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New Bird-Like Dinosaur Species Unearthed, Weighing As Much As A Human

Scientists discover oviraptorosaur with feathers and beak dating back 125 million years.

A new bird-like dinosaur species that weighed about the same as a human has been discovered.

The Oviraptor species probably had feathers and a beak and lived around 125 million years ago.

A leg bone of the new oviraptorosaur, was discovered in the Hell Creek formation of North America.

Scientists analyzing the remains believe the dino, which weighed around the same as an average woman, is yet to have been identified.

An artist’s depiction of the feathered dinosaur, which lived up to 130 million years ago, shows its sharp talons and bird-like form with a beak and no teeth.

Researchers from Canada and the United States studied a limb of the creature found at the Hell Creek formation in the north of the United States.

The Oviraptor species probably had feathers and a beak and lived around 125 million years ago. PHOTO BY MARCUS LANGE/PEXELS 

The formation is an intensively studied division of mostly Upper Cretaceous and some lower Paleocene rocks named for exposures studied along Hell Creek, and stretches over four states.

Analysing the bones, the researchers decided the oviraptorosaur was a species never previously identified.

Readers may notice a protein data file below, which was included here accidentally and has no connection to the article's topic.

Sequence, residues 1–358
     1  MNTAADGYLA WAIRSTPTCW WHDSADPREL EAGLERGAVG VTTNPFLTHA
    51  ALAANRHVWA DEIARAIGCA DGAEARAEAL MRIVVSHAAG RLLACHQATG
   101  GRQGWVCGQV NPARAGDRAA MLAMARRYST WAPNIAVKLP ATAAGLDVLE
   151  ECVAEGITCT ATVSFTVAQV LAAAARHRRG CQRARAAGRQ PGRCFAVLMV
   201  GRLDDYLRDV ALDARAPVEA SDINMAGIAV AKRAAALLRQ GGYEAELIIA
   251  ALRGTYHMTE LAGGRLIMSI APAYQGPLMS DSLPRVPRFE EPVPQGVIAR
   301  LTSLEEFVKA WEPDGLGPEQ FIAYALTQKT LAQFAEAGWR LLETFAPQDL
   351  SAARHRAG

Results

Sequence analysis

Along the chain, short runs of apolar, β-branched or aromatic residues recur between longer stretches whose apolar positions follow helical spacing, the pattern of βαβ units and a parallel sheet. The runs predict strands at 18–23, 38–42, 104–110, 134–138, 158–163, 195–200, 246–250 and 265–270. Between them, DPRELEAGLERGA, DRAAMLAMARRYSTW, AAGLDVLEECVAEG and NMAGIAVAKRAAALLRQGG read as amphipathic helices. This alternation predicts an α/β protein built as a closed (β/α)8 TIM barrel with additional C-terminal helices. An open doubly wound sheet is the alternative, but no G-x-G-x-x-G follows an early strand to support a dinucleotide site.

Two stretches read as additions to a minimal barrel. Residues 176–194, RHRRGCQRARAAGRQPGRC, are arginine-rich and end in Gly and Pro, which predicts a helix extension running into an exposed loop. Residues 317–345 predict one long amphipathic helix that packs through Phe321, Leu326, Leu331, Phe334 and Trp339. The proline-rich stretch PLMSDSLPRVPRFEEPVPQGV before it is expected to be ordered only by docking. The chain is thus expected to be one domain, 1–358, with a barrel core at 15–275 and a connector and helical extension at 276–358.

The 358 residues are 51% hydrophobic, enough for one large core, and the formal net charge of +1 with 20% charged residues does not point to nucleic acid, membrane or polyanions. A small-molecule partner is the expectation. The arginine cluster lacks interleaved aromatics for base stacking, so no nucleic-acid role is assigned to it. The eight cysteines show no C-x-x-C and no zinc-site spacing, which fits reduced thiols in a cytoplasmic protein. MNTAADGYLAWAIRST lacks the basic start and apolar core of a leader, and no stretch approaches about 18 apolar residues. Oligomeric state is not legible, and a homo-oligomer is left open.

Kyle Atkins-Weltman, a PhD student at Oklahoma State University and author of the study, published in the journal PLOS One, explained that the team’s analysis led them to decipher that the creature – called Eoneophron infernalis – would have been approaching its adult body size.

“We describe a relatively small caenagnathid hindlimb from the Hell Creek Formation, and conduct osteohistological (bone) analysis to assess its maturity,” he said.

“Histological data and morphological differences from Anzu wyliei and other caenagnathids allow us to conclude that this specimen represents a new species of caenagnathid from Hell Creek.

“Oviraptorosaurs ranged from chicken- or turkey-sized, to species which likely weighed more than a tonne.

“Based on their cranial morphology, this diverse clade contained both omnivorous and herbivorous members.

“Although the earliest members of this group retained teeth, they were entirely lost in Late Cretaceous forms.

“Oviraptorosaurs had complex, feathery integument.

“Other exquisite specimens have shown that these dinosaurs were social, actively brooded over their nests, employed a reproductive strategy intermediate between those used by crocodilians and extant birds, and had avian-like brain organisation.”

Mr Atkins-Weltman, said the new species had expanded scientists’ knowledge of the types of dinosaurs living in the area – the earliest ones of which roamed between 125 and 129 million years ago.

“In tandem with histological data indicating that this animal was of subadult or adult status at the time of its death, our research suggests that it represents a new taxon, Eoneophron infernalis,” he said.

“This smaller caenagnathid from the Hell Creek Formation has implications for the ecology and diversity of caenagnathids in the end-Maastrichtian period.

“The ecology of caenagnathids likewise remains poorly understood, but E. infernalis expands the range of morphological variation within the family and suggests that caenagnathid diversity in Laurasia remained largely stable through the Campanian-Maastrichtian, and these dinosaurs remained successful components of Laurasian ecosystems until their extinction.”

Produced in association with SWNS Talker

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